PS260 Study Guide - Final Guide: Semantic Memory, Episodic Memory, Explicit Memory

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18 Mar 2013
Ian Shaughnessy
Cognitive Psychology
Feb 7th 2013
Chapter 5
Object Recognition the process whereby we match an incoming stimulus with stored
representations for the purpose of identification. (identifying and classifying what it is we have
latched on to)
Rosh (1976)
Levels of Categorization also known as gradations of specificity that can be used in describing
everyday categories. 3 levels (ie animal, bird, black-winged chickadee)
i) Super ordinate level of categorization animal is the most general
ii) The midpoint (Basic level of categorization) bird
iii) The subordinate level black-winged chickadee. Is the most specific
-Rosh says that the middle level dominates our cognitive processing
Entry point for recognition the default level of categorization that we use for familiar objects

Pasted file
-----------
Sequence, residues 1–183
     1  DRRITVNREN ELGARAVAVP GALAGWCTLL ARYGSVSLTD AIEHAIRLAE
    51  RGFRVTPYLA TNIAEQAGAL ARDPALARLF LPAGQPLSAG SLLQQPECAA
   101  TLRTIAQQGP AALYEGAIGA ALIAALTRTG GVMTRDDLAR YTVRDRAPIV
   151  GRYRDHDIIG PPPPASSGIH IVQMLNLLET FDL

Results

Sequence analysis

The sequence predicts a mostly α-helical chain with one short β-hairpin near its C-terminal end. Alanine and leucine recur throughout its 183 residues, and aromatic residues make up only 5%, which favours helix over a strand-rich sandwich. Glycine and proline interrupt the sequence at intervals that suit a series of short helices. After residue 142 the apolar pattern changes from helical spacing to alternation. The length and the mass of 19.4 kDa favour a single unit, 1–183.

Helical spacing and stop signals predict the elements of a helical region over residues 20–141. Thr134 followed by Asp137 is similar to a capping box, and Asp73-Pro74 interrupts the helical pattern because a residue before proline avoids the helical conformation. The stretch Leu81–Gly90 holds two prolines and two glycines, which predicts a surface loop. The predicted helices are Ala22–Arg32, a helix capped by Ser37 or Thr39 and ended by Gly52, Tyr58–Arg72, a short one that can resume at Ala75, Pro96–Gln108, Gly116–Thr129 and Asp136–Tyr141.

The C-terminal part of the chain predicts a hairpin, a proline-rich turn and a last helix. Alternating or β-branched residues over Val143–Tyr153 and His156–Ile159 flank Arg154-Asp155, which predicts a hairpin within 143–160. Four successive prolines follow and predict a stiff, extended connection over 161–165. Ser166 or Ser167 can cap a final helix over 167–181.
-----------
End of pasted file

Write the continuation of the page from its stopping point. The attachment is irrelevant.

We use both bottom-up and top-down processing for recognizing objects
-When an object is obstructed, we rely on our knowledge, expectations, and surrounding contexts
to supplement the data (ie top-down)
-Bottom-up is how we identify objects from past data and experiences
Study by Palmer, Rosch, and Chase (1981) on the perspective effects of cognition
-Participants were given a number of pictures of objects
-One group had to rate how well each picture represented the object
-The other group had to indentify the objects as fast as possible
-Recognition turned out to be fasted for pictures rated higher by the first group
Study by Biederman and Gerhardstein (1993)
-Suggested that orientation might not matter at all that much in object recognition
-Used a technique called priming: a gained benefit from an earlier exposure to a stimulus
-Presented an image of a flashlight to participants in Phase 1 and identify it
-Phase 2 had participants identify the same image either the same way or rotated or a similar
image in the same way or rotated
-Phase 1 was very slow but all examples of phase 2 were faster
-This means that seeing the flashlight for phase 1 (or any object) primed identification of all
flashlights. This is called Semantic Priming